Diabetes: Does a long-term study reinforce or change approaches to prevention?

Two decades ago, the Diabetes Prevention Program (DPP) clearly demonstrated that type 2 diabetes could often be slowed or prevented in people diagnosed with early signs of it (prediabetes). One approach tested was a low-calorie healthy diet combined with at least 150 minutes of activity to help participants lose at least 7% of body weight. Another was metformin therapy, a medicine widely used to treat diabetes. Both were compared to a control group given a placebo (fake) pill.

A recent follow-up study has focused on death rates from cancer, cardiovascular disease, and all causes in subsequent years — and the findings for the three groups were in some ways unexpected.

Why is it important to slow or prevent diabetes?

Type 2 diabetes is one of the most common long-term illnesses worldwide. Over time, it can cause heart disease, nerve damage, eye problems, and kidney problems, raising risks for disability and early death. If laboratory tests show that a person has prediabetes, well-vetted strategies can help them delay the onset of type 2 diabetes, or prevent it. This could allow people to remain healthier for many years.

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The results from the original study show that lifestyle modification and metformin therapy each very effectively lower risk for developing diabetes in people who have prediabetes. The reduction in risk was 58% and 31%, respectively, compared to the control group.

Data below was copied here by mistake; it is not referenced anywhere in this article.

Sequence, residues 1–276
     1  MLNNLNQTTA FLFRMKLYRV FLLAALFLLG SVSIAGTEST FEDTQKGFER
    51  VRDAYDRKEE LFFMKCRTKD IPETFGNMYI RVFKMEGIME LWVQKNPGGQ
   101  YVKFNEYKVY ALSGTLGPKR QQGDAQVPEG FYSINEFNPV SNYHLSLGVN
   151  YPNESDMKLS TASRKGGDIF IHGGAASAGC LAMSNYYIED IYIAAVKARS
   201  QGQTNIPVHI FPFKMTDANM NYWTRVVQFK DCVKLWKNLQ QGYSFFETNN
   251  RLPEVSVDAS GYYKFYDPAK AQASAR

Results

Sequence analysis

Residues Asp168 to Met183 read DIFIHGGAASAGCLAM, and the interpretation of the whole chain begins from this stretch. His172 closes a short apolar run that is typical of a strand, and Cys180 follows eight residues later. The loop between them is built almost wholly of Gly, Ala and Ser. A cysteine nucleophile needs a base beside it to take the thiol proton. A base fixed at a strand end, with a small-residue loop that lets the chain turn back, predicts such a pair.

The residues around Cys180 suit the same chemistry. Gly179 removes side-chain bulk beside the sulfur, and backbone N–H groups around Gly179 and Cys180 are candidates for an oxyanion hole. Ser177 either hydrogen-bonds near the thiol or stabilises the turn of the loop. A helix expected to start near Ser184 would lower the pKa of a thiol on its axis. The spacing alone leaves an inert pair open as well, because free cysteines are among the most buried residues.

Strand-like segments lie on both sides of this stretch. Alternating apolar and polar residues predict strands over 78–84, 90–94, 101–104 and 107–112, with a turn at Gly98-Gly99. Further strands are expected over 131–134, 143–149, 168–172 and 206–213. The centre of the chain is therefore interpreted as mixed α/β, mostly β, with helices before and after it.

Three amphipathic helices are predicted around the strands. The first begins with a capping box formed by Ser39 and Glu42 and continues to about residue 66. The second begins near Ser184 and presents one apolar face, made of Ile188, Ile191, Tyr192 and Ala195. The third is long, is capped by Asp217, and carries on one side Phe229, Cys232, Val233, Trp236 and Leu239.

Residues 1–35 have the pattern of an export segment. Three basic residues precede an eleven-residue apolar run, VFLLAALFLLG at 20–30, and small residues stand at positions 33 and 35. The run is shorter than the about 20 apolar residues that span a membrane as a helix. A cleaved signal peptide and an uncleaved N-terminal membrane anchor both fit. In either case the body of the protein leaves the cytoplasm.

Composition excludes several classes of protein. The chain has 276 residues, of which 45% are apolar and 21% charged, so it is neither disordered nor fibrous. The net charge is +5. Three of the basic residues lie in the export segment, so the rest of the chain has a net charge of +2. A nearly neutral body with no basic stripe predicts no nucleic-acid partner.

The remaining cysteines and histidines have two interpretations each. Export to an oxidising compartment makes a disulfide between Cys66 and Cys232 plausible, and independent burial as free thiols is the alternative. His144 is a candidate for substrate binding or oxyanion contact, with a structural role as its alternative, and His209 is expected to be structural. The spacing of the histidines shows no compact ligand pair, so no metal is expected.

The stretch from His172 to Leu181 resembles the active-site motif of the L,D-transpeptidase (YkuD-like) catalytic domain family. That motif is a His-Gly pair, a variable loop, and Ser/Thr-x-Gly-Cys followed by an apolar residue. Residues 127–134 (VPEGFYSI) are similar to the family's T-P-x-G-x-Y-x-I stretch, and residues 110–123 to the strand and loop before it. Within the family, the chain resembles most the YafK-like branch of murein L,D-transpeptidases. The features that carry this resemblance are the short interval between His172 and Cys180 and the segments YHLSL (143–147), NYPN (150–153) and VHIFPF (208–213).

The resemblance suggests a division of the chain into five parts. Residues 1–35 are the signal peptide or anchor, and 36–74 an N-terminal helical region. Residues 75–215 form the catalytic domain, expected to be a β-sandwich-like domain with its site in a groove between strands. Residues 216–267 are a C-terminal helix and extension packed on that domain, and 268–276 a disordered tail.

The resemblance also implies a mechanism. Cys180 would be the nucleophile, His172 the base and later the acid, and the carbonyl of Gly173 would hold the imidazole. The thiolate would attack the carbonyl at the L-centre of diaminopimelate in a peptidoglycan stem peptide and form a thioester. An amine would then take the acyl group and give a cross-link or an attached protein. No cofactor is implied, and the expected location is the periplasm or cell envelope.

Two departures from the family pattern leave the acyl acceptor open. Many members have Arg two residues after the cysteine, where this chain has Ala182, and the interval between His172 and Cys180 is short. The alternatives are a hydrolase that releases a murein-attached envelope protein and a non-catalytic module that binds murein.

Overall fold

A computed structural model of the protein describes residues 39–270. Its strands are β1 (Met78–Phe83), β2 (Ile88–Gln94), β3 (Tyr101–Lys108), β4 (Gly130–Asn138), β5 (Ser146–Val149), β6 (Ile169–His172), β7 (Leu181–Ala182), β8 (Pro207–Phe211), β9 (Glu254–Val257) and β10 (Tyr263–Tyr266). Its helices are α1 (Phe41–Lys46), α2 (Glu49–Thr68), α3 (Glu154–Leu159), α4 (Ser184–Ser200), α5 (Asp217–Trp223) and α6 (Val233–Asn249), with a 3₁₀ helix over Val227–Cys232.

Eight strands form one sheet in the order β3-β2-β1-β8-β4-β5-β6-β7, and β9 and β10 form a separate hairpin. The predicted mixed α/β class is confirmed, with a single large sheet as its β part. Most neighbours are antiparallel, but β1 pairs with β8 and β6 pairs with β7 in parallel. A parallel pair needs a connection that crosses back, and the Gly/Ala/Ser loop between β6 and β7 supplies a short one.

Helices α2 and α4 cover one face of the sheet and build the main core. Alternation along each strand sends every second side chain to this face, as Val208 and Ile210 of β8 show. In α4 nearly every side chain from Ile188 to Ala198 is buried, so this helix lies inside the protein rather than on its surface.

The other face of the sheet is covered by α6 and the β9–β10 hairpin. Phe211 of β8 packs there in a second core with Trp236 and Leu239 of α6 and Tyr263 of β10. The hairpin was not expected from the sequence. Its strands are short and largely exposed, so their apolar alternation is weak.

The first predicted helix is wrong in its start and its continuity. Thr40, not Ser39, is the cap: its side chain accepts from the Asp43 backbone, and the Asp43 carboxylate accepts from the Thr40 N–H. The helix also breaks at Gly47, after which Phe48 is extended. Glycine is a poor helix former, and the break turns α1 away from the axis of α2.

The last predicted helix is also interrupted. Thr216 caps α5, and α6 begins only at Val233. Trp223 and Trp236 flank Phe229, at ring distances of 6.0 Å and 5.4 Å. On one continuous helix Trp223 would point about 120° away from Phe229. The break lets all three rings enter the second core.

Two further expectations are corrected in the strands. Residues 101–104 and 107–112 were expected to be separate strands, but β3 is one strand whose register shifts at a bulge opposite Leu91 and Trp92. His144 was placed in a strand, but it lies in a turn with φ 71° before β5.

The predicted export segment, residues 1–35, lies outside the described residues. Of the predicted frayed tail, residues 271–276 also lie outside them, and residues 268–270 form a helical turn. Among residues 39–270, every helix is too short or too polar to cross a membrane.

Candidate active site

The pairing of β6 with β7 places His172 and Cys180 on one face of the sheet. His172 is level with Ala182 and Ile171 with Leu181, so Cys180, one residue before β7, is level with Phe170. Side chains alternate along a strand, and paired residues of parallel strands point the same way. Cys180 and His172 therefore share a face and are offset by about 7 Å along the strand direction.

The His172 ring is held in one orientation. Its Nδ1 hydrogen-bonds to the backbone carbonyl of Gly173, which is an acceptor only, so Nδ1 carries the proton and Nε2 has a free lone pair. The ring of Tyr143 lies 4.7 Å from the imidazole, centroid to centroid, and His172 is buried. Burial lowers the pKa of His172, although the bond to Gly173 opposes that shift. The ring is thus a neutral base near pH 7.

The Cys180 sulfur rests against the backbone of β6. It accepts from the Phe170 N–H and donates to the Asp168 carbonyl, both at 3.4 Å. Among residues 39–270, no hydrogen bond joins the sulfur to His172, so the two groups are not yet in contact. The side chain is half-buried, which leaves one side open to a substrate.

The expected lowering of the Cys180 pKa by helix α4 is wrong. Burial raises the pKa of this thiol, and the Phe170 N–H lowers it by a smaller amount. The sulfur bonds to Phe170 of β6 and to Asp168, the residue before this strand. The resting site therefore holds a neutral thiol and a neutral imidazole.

The original DPP cohort of 3,234 participants was invited to remain in the follow-up observation study known as the Diabetes Prevention Program Outcomes Study (DPPOS). Most participants have now been followed for over two decades, providing a unique opportunity to assess a number of important health outcomes.

The recent analysis looked at participant deaths from any cause, cancer, or cardiovascular disease after 21 years, on average. The researchers found no difference in the death rates in individuals originally assigned to the intensive lifestyle arm and the metformin arm of the study, compared with those originally placed in the control group.

Does this mean that these strategies are not as good as we thought?

Not at all! It is important to put things in perspective to be able to understand these results.

First, all of the original DPP study participants were notified of the benefits of intensive lifestyle modification and metformin, and invited to remain in the observation phase of this program. Since lifestyle modification had the greatest effect, researchers were ethically required to disclose these results to every participant and motivate people to implement these strategies. In fact, lifestyle modification sessions were offered to all participants after the DPP study ended.

It’s likely that many participants in the follow-up study incorporated some beneficial changes into their meal plans and physical activity. This would limit the ability to distinguish the effect of intensive lifestyle modification on subsequent health outcomes.

Second, in the initial study only one group took metformin. In the follow-up study, any participant who developed type 2 diabetes was referred to their primary care physician to decide how to manage their blood sugar.

Metformin is the first-line therapy for type 2 diabetes. Therefore, those who developed diabetes were commonly prescribed metformin even if they happened to be in the control group or intensive lifestyle modification group. Over time, the three groups became less well differentiated from one another. In this recent analysis, statistical tests were performed to eliminate this bias without affecting the main results, but some remaining bias cannot be totally dismissed.


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